6. The Basel II project was already several years old when Governor Caruana took over its leadership, as Chairman of the Basel Committee, in May 2003. But he has put his own stamp on this project, and has made three special personal contributions. First, he has brought the formulation process to a successful conclusion with the publication last June of the definitive document on the revised framework. Producing this necessary road-map was no easy achievement given the differing views that had to be taken into account, and the considerable degree of scepticism in the industry. Secondly, he has, through persuasion and advocacy, managed to convert scepticism towards Basel II into a positive and constructive attitude. He has done this in particular by stressing that, when you look beneath the surface, Basel II is not so much about how capital adequacy ratios are calculated, as about how banks can improve their risk management and, thereby, how the efficiency of the banking system can be improved. He has also placed emphasis on the point that Basel II applies not just to advanced banking systems but to banking systems in all stages of development - an observation of particular relevance to this region.
  7. Thirdly, and of no less importance to us in Hong Kong, Governor Caruana has personally supported greater involvement by non-G10 members in the Basel II process. Within this region, central bankers have been increasingly active in recent years in trying to ensure that our voice is heard in the process of policy formulation and standard-setting in Basel. Governor Caruana has on a number of occasions spoken out on the need to ensure that our voices are indeed heard, and that our views are actually taken into account. And there are signs that this practice is turning into a tradition: it has been extended to other areas, such as the review of the Basel Committee Core Principles for Effective Supervision, in which Hong Kong is heavily involved.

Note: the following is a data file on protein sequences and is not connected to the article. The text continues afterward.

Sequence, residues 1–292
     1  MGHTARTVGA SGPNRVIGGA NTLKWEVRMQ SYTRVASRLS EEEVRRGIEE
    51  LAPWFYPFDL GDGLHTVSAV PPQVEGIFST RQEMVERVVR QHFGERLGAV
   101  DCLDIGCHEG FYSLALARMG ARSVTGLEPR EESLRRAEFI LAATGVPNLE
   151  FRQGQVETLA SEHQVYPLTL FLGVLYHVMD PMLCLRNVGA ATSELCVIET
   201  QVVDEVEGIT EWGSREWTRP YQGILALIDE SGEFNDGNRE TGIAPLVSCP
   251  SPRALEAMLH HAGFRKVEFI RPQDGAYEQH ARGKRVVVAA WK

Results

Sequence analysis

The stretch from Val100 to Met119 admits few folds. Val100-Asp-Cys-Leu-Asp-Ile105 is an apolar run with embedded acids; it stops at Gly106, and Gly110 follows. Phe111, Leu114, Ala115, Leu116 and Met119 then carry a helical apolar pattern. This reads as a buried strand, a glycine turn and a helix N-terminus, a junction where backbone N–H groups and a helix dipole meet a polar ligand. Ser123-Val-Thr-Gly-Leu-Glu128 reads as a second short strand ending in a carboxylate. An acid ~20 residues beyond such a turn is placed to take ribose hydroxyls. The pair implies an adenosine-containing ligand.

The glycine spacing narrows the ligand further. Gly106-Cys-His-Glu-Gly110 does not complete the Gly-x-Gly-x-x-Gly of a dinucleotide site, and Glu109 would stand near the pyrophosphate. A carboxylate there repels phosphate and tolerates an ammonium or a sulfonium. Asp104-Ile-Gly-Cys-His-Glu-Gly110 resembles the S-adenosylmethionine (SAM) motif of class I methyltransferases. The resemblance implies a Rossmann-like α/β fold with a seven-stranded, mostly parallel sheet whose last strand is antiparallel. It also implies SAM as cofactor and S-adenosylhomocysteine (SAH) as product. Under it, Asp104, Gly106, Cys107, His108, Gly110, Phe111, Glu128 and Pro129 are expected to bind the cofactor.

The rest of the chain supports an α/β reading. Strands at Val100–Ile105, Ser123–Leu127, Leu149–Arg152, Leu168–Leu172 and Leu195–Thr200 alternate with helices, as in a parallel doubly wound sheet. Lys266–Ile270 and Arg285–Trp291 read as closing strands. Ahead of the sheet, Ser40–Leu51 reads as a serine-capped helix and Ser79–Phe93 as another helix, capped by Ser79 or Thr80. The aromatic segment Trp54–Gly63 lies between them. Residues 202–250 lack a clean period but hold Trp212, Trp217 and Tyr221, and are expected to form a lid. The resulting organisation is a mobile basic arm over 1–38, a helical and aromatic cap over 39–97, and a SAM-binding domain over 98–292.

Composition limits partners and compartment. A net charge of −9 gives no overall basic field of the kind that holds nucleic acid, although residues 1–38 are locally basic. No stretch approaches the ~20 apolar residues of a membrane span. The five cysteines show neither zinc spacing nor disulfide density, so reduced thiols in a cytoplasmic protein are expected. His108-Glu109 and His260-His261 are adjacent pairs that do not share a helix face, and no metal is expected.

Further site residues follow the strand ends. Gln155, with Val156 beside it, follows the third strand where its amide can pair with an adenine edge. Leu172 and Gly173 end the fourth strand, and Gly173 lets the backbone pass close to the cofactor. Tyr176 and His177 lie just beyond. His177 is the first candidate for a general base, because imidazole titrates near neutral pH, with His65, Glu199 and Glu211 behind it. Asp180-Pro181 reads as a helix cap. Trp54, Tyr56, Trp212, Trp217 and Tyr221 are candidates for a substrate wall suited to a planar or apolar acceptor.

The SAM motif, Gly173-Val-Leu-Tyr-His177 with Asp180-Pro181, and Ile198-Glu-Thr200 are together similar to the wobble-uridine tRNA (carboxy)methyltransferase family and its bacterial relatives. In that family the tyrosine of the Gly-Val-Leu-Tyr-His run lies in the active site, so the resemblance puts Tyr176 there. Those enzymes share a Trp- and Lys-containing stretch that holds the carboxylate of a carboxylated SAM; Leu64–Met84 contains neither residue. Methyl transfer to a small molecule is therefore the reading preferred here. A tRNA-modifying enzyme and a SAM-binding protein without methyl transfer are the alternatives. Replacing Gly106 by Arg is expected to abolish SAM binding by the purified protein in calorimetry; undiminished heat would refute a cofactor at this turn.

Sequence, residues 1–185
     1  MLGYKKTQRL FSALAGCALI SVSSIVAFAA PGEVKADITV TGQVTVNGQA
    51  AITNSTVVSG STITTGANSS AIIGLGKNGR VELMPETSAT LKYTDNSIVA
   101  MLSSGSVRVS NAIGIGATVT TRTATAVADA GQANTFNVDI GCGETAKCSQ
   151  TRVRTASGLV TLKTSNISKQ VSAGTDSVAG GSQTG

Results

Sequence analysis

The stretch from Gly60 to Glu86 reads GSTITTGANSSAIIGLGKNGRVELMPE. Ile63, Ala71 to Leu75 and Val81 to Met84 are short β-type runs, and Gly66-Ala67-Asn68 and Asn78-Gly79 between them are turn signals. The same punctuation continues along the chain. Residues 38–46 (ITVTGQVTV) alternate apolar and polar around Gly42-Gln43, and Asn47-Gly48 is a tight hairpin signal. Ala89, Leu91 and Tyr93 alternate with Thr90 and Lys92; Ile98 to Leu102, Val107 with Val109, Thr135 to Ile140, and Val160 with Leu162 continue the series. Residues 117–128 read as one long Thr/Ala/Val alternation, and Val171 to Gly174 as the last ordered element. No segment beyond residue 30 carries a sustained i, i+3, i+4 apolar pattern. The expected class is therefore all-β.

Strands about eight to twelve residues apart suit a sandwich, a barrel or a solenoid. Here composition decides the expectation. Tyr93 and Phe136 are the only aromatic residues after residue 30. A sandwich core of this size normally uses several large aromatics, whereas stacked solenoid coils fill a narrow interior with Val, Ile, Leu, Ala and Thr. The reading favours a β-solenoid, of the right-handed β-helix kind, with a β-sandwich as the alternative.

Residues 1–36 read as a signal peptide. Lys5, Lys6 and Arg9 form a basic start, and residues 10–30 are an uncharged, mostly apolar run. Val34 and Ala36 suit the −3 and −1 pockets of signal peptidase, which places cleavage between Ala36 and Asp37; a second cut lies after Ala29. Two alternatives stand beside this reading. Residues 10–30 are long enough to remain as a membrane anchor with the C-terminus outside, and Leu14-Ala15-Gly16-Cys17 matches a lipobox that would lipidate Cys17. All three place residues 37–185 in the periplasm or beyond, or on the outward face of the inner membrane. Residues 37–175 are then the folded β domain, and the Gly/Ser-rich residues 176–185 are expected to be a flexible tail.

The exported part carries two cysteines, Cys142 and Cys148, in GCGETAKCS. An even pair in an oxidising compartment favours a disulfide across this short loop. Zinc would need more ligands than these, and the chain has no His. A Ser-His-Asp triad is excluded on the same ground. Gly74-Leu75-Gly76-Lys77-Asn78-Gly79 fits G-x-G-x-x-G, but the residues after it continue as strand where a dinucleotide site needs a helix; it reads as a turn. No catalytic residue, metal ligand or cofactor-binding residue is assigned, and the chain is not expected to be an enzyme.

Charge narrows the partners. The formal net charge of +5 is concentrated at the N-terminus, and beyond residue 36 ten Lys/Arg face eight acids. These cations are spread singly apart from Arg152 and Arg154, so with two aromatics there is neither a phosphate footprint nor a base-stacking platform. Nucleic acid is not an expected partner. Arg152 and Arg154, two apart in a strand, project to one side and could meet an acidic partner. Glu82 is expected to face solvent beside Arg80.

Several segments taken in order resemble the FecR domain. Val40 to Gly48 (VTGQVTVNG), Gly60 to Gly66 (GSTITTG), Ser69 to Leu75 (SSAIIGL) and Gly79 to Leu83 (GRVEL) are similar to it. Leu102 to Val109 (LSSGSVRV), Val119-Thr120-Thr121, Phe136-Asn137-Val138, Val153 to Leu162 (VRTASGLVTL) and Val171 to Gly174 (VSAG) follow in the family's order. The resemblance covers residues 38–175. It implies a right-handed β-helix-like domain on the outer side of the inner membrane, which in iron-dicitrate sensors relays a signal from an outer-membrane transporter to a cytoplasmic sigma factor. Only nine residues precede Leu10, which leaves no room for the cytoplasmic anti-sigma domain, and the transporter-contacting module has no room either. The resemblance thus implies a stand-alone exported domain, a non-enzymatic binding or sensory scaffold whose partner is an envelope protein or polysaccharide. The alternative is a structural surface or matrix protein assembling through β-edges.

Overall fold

8. Successful implementation of Basel II depends not just on the standard-setters and the regulators, but also on the banks themselves. The enthusiasm with which the Hong Kong banking community has taken to Basel II has been impressive. As a senior member of this community, our discussant today is particularly well equipped to provide the perspective from the banks. We are fortunate in having secured David Eldon's presence today. After more than 40 years in banking, many of them in Hong Kong, he is about to retire from the field. He is thus currently much in demand among his many friends within the financial community, who wish to fete him on his retirement. He is also receiving bookings in his new, risk-taking career as popular singer and entertainer - a field in which we wish him every success. I take this opportunity to pay tribute to David for his outstanding contributions to Hong Kong during difficult and challenging times, not just in the financial sphere, but also in the many community and charitable activities in which he is involved.
  9. Ladies and gentlemen, it is an honour to welcome Governor Jaime Caruana as speaker, and Mr David Eldon as discussant. I now have much pleasure in inviting Governor Caruana to deliver the seventh HKMA Distinguished Lecture.
Last revision date: 1 August 2011